UPDATE: Ponzi ‘Shakedown’ Suspects Who Impersonated Federal Agents Get 6 Months’ Home Detention And Are Placed On Probation For 2 Years

Three people charged with conspiring to impersonate federal agents in a bid to rattle the nerves of a Ponzi scheme suspect and recover money have been sentenced to 180 days of home confinement and placed on federal probation for two years.

A fourth defendant in the shakedown scheme avoided a sentence of home confinement but was placed on federal probation for two years.

The bizarre shakedown scheme unfolded in March 2009, when Michael David Sanders, 43, of Fair Oaks, Calif.;  Craig Anderson, 41, of Chicago; Sean Smartt, 42, of Sacramento; and Cassandra Moore, 27, of Beverly Hills, Calif.,  entered a California hedge-fund office suite in a bid to recover investor money “lost in a Ponzi scheme carried out by federal defendant Anthony Vassallo,” the FBI said.

“The defendants entered dressed to give the impression of authority (bullet proof vests, ear pieces, fake credentials, hand cuffs, and badges),” the FBI said.  “Sanders and Anderson announced they were with the FBI and the United States Security and Exchange Commission.

“In their guilty pleas the defendants admitted to creating an environment that was intimidating and causing the individuals to believe that they were not free to leave,” the FBI continued. “Anderson told the hedge fund operators that they had until noon on Monday, March 9, 2009, to wire $378,300.16 to a Patelco Credit Union bank account in the name of the ‘Spirit Foundation’ and to send an e-mail confirmation to an e-mail address they provided. No money was ever turned over to the defendants.”

Moore was the only defendant who avoided home detention.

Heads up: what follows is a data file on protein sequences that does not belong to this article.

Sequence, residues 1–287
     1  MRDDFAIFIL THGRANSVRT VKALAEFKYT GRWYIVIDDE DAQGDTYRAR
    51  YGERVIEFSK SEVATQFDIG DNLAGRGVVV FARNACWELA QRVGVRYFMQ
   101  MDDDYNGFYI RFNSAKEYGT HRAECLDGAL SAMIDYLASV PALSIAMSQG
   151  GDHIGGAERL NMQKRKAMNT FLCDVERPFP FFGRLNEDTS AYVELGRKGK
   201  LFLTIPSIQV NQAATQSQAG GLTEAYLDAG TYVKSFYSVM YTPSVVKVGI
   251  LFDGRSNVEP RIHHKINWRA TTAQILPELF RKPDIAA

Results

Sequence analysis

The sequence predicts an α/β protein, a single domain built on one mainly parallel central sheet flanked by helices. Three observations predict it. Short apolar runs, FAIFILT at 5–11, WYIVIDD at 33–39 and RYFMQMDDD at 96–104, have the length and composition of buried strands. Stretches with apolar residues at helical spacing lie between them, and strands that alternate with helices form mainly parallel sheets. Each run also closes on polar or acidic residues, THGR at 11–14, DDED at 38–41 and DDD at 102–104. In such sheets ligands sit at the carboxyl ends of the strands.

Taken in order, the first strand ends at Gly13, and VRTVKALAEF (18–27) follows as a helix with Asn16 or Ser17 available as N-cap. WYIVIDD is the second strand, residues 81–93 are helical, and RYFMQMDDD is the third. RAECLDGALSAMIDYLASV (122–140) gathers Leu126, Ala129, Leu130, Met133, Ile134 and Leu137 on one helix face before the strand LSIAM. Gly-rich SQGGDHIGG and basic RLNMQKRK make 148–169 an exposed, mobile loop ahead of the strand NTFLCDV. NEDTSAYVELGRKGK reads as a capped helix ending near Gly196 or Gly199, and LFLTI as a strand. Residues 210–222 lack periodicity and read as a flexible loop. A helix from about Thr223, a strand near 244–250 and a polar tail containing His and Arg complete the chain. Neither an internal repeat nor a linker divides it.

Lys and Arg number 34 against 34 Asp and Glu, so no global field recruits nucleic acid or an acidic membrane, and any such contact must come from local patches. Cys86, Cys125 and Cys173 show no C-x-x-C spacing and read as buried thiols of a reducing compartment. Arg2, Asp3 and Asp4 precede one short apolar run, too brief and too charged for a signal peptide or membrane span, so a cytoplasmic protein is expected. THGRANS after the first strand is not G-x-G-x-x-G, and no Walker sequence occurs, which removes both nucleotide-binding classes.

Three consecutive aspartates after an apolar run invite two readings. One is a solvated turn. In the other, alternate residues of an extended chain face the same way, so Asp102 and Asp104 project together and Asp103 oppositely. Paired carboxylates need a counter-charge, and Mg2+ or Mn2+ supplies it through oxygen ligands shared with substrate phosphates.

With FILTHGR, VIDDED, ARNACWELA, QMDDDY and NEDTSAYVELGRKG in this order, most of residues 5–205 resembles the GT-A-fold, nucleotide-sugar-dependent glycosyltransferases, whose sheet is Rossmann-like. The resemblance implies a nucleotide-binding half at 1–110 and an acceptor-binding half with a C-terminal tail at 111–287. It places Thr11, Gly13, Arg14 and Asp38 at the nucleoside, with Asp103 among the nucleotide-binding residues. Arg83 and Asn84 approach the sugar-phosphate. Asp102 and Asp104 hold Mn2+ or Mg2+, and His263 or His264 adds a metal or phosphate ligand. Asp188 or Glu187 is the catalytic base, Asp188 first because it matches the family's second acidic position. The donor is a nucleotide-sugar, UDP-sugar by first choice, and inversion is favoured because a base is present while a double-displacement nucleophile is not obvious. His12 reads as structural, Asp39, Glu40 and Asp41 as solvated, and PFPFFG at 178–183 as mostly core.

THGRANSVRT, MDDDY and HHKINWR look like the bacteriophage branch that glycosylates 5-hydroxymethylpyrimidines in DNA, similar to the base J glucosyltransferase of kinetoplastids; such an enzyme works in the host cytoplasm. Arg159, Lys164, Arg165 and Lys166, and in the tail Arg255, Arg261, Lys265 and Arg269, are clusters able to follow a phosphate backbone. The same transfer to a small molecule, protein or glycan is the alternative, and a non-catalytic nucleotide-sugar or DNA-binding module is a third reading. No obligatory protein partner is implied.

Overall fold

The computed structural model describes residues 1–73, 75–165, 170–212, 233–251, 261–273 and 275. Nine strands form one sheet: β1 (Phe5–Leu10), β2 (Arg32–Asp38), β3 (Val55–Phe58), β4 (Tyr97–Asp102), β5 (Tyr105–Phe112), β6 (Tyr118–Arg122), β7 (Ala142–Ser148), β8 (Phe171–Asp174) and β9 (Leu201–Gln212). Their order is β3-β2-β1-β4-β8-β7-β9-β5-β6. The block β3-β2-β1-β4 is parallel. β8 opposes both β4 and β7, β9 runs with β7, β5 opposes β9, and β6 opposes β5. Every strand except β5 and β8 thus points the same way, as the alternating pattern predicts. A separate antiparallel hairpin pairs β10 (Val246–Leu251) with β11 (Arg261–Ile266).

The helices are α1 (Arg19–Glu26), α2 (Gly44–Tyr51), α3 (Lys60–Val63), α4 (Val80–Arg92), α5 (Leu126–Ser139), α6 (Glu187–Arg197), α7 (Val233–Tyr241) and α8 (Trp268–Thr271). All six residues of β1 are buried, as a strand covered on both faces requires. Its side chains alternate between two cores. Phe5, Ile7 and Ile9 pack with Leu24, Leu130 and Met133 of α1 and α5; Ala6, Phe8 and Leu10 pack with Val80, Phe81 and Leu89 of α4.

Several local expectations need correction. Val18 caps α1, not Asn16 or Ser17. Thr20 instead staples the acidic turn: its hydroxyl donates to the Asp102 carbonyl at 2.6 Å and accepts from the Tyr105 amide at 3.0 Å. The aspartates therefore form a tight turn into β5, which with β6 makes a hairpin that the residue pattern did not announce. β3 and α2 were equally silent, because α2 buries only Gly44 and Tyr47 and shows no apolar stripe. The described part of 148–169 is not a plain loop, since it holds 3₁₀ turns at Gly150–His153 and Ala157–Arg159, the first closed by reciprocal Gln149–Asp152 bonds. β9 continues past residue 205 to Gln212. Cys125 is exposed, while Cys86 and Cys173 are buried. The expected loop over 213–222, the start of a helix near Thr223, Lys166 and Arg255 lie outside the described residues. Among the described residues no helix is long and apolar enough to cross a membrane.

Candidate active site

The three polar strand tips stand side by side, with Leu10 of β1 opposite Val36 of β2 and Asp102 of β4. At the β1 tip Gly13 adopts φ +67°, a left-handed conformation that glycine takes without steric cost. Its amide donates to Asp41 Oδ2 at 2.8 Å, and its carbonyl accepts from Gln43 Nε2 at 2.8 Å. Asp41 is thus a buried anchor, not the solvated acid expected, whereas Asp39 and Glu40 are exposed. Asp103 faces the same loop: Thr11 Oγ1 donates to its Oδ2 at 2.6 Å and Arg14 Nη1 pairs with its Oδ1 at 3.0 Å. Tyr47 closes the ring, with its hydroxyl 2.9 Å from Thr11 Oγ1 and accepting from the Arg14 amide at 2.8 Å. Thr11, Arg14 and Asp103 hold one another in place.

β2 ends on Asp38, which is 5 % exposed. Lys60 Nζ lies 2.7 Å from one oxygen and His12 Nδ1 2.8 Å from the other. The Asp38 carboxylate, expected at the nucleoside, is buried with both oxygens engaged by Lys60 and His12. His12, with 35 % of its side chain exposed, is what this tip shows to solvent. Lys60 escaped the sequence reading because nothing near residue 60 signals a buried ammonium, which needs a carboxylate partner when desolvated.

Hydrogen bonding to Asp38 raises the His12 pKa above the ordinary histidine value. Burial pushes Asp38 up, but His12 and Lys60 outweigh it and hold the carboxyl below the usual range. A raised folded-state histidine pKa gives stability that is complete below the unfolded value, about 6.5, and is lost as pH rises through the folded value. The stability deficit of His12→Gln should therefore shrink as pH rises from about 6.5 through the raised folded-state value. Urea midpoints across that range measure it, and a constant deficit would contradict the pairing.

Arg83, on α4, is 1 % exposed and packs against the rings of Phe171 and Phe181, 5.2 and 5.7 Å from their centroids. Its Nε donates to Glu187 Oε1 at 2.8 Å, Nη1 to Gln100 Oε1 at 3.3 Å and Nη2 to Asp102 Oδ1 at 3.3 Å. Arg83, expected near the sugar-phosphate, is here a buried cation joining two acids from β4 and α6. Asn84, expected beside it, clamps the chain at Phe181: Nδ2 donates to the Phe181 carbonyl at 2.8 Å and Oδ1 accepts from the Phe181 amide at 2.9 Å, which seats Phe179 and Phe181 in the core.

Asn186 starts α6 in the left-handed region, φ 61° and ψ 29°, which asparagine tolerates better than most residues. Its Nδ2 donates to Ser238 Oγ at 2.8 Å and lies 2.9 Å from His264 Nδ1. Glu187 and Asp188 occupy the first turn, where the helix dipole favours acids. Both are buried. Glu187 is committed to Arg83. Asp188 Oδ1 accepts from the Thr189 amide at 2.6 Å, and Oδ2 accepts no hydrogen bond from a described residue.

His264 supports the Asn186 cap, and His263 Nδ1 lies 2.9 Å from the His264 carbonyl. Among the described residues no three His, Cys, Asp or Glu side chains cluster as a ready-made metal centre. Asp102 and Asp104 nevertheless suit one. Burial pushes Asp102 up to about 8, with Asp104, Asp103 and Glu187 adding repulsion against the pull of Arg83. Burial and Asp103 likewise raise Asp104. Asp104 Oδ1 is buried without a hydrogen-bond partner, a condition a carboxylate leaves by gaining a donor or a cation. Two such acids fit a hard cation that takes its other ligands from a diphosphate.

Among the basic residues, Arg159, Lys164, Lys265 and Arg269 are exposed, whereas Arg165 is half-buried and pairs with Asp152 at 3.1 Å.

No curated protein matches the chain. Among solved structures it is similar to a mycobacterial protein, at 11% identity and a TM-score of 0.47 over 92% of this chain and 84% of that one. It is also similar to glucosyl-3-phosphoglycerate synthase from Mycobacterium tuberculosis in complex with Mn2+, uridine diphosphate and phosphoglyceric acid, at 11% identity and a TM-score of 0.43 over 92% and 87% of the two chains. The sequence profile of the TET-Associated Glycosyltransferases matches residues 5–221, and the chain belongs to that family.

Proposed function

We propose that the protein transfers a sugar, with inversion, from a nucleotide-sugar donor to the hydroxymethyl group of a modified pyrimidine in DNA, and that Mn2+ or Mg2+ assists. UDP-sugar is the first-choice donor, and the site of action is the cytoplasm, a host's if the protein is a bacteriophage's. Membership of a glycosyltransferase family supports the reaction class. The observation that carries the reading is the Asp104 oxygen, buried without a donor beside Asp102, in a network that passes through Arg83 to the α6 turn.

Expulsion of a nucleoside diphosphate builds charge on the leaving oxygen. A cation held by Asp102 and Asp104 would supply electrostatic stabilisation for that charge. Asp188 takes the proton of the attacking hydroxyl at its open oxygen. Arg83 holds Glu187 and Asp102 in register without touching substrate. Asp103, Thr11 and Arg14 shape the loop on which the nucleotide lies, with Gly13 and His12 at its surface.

The shakedown bid was connected to the the alleged Equity Investment Management and Training Inc. (EIMT) Ponzi scheme that gathered more than $40 million.

It is illegal to impersonate a federal agent. Had the defendants not accepted a plea deal and not qualified for probation, they could have been sentenced to federal prison. Each pleaded guilty and accepted the deal. The IRS assisted in the probe.

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5 Responses to “UPDATE: Ponzi ‘Shakedown’ Suspects Who Impersonated Federal Agents Get 6 Months’ Home Detention And Are Placed On Probation For 2 Years”

  1. I have been reading “Diary of a very bad year: Confessions of an anonymous hedge fund manager.” In response to Madoff he said: “This gets to the point that you cannot cheat an honest man.” That is a point that these folks might have considered.

  2. Couldn’t disagree with you more Kenneth. Honest people are the easiest to cheat because they tend to assume everyone else is honest like them.

  3. I think he meant the opposite, honest people usually do not fall for the schemes. At least, that’s my impression… and I don’t usually do impressions!!!

  4. P.S. Unless you are referring to the elderly only, today’s honest persons are not as trusting, they were raised in a different America than were their parents and grandparents.
    The number and wide area of these schemes should have us all as confirmed cynics before long. Seems the only one you can totally trust is yourself, and I keep an watchful eye on me!! LOL

  5. […] Now, a similar claim hasn’t worked for Vassallo, 34. He is one of the purveyors of the Equity Investments Management & Trading (EIMT) Ponzi scheme in California, a crime that served up a heaping helping of the bizarre. Three individuals who led an alleged shakedown bid to recover money for investors were charged criminally in 2009, amid allegations they posed as federal agents. […]